Source: GreenTech Media
Can the energy storage industry withstand the scrutiny of having their own ITC?
It cannot be understated how transformative an energy storage ITC would be for the industry. At IronOak Energy, we have written previously on the impact of such an ITC, and even presented a positive take on its potential rollout.
Here, I want to pose the question of whether the industry is really ready for such a game-changing policy.
The graph above shows projections for the growth of energy storage development under the current policy regime. Not too shabby.
But is the energy storage industry prepared to put that delicious tax equity to good use on stand-alone energy storage projects (in practice, solar + storage applications currently qualify for the solar ITC)? Of course, the answer is always: it depends.
Depends on what? Some would argue that the critical issue holding back a tidal wave of energy storage projects is the technology.
One could easily view the vast array of energy storage technologies vying for prominence with some trepidation. Some are commercially viable, while many are not.
It takes some brainpower to suss out the contenders from the pretenders. Even the smarties at MIT have a tough time doing it.
Do we want the government to incentivize the deployment of technologies that may not be ready to contend for the main stage? Conversely, is that precisely the role we want the government to take?
The double-edged sword of government subsidy
This is a classic double-edged sword phenomenon. On one edge, there are green grassy fields of opportunity in rolling out new storage technologies in commercial applications. Accelerating storage deployment will drive down costs and help evolve viable business models. Beautiful.
Lurking on that other edge is the distinct possibility that many storage technologies in earlier stages of development will simply fail.
And failure is bad press, even if it is the Darwinian process of technological progress.
It puts the government in the untenable position of having subsidized a “reckless” experiment with taxpayer dollars.
“Picking winners and losers” they will say, even though an ITC is designed to avoid precisely this potential conflict.
And, let’s just say that there is a history of nasty repercussions for such interference with the so-called free market for energy (ahem - myth).
Solyndra - need I say more.
Some will say that Solyndra was blown out of proportion (it was) AND it was 5 years ago (a lifetime ago in the clean energy industry).
To top it off, Solyndra was backed with loan guarantees, not really what the ITC is about. Details, details...
But now, the vengeful energy gods have gifted us SunEdison. It was an altogether explicable collapse, but one that, nonetheless, provides ammunition against government support for the clean energy industry.
Who knows what would have happened with the extension of the solar ITC if SunEdison has filed for bankruptcy in 2015 rather than 2016.
So, be careful for when you wish upon your industry the scrutiny of being a target of government support.
Technological risk is a red herring -- it is really all about how to finance storage
Sure, risk exists with many energy storage technologies.
Even the most established battery technologies lack the operational history to assuage the concerns of investors looking at decadal time horizons. If you are absolutely intolerant of risk, go invest in government treasuries (just kidding - terrible idea).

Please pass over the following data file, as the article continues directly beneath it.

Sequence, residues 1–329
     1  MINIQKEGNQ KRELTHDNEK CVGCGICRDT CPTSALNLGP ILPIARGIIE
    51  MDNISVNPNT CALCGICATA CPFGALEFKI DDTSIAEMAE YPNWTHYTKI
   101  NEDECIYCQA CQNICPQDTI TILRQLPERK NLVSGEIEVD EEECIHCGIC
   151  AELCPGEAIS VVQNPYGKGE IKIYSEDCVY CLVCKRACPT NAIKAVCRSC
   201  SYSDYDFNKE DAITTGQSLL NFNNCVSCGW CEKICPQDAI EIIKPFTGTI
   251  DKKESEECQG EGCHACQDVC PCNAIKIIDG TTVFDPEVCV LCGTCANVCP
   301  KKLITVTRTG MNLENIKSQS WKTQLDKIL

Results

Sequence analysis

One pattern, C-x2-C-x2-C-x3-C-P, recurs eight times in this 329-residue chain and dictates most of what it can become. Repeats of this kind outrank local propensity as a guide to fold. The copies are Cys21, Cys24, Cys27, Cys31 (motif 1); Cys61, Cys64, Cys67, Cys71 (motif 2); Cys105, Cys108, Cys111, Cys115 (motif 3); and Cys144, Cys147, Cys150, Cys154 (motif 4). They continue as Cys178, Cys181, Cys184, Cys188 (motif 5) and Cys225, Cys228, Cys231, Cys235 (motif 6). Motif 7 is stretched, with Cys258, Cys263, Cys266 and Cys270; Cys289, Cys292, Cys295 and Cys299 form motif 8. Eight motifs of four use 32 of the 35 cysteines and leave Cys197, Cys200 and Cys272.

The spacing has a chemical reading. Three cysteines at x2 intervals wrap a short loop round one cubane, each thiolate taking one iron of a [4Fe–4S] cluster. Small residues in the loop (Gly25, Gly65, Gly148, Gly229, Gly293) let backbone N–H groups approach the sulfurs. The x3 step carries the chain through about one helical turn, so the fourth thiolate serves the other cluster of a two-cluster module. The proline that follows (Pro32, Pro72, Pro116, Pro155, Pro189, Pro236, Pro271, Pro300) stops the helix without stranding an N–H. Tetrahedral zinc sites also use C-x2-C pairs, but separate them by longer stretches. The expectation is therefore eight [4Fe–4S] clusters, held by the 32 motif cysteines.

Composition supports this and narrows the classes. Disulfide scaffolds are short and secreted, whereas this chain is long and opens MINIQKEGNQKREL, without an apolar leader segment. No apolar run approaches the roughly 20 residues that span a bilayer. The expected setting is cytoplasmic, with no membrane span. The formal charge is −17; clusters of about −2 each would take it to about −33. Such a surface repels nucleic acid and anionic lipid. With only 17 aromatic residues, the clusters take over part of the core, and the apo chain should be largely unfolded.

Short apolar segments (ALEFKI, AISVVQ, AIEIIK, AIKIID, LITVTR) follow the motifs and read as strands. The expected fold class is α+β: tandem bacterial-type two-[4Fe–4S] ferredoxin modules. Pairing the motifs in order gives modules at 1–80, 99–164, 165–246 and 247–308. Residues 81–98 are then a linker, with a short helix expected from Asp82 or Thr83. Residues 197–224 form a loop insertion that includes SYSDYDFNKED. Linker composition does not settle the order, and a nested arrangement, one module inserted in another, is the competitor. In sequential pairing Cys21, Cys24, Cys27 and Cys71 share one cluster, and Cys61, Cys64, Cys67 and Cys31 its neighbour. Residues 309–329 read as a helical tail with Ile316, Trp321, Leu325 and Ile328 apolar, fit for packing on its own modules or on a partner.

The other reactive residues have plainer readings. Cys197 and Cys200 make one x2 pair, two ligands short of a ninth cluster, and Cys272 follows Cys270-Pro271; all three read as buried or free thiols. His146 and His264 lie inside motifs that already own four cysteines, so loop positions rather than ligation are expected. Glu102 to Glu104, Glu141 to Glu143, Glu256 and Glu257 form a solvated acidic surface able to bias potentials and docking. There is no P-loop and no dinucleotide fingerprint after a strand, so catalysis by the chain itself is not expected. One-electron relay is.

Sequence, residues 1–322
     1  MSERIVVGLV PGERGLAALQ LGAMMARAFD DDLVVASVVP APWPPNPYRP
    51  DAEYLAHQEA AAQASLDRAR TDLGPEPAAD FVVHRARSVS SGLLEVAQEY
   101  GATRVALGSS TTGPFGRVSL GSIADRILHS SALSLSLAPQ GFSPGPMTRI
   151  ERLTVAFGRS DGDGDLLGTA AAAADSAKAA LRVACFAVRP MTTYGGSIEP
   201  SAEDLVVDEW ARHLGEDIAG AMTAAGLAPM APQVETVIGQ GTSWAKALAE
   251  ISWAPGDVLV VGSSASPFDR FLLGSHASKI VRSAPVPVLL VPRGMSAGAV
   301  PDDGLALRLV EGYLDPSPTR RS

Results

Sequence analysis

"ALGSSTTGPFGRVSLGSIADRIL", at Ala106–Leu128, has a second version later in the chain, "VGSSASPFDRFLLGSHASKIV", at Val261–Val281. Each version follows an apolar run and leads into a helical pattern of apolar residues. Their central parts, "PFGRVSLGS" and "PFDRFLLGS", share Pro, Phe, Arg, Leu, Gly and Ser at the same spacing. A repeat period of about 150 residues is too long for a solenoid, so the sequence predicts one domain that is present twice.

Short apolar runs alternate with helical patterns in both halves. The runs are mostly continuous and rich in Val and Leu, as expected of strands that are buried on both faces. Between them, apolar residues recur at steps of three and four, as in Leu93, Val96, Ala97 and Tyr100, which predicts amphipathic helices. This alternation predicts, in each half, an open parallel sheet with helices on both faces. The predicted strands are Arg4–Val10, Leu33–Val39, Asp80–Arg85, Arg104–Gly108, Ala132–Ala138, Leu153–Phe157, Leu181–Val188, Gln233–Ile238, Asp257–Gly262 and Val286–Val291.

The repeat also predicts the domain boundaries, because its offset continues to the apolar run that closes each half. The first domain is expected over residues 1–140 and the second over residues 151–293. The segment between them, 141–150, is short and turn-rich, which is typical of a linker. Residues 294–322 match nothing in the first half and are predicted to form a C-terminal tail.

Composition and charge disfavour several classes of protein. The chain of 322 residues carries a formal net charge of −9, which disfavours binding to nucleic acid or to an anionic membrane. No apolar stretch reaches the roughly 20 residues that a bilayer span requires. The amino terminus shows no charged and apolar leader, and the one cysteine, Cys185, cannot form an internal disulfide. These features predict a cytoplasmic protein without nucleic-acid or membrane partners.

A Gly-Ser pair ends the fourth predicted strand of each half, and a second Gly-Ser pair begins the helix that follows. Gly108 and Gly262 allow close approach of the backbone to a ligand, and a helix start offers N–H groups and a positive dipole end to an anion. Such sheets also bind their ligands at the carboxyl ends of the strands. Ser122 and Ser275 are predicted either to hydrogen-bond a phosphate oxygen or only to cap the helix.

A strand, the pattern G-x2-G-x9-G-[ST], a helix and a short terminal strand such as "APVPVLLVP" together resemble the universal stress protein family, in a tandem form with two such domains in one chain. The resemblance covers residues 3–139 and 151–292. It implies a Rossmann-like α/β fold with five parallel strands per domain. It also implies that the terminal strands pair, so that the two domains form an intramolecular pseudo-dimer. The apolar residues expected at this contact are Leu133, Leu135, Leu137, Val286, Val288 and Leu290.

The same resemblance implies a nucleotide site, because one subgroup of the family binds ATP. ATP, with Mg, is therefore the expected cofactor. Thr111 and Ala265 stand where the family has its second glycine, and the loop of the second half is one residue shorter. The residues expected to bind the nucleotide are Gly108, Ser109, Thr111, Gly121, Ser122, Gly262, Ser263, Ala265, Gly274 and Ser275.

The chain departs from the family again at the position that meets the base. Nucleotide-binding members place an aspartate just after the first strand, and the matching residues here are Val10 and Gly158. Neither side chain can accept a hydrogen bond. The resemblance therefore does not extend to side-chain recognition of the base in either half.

Just running down the ladder to the cheapest storage technology fails to capture the complexity of the underlying value proposition. Cost is king, but there are many other factors competing for a role on the king’s court.
Energy storage technologies cannot be reduced to a simple efficiency or production metric, as with solar or wind (even that is an oversimplification, but at least a reasonable one).
There are more than a dozen potential services that could be generated by a given storage technology, many of which have few established market mechanisms to generate reliable revenue.
So, here’s the central takeaway.
The biggest challenge in the energy storage market is not how to choose the right technology. It is how to design the right market structures to support financial innovation.
Making energy storage bankable is close to being a precondition for the successful utilization of an ITC.
Recall that the success of the solar PPA model hinged on stable, contracted cash flows. Making solar bankable unlocked a vast market potential that we are still in the early stages of witnessing.
There is no equivalent financial structure with energy storage, yet there remains a distinct need to create consistently financeable project cash flows.
But wait, SolarCity and Tesla (perhaps soon to be joined in holy matrimony) pioneered a solar + storage PPA earlier this year.
The energy storage industry needs a financial product the equivalent of a PPA, and perhaps we are not too far off.
Thus far, it has taken a savvy, not mention risk tolerant, investor to back energy storage projects. There is only so much runway with this sort of approach.
Easing the path for new investment in storage will hinge on making this inherently complex technology and market application simpler.
There are already frontrunning markets generating experiences that will guide future market design and development - thanks, California.
In tandem with this type of market development, energy storage needs a greater degree of standardization of financial strategies and structures to help make projects pencil.
And not just for the smartest guys in the room, but for a broad swath of interested investors.
The question remains as to whether an energy storage ITC will aid or inhibit such progress.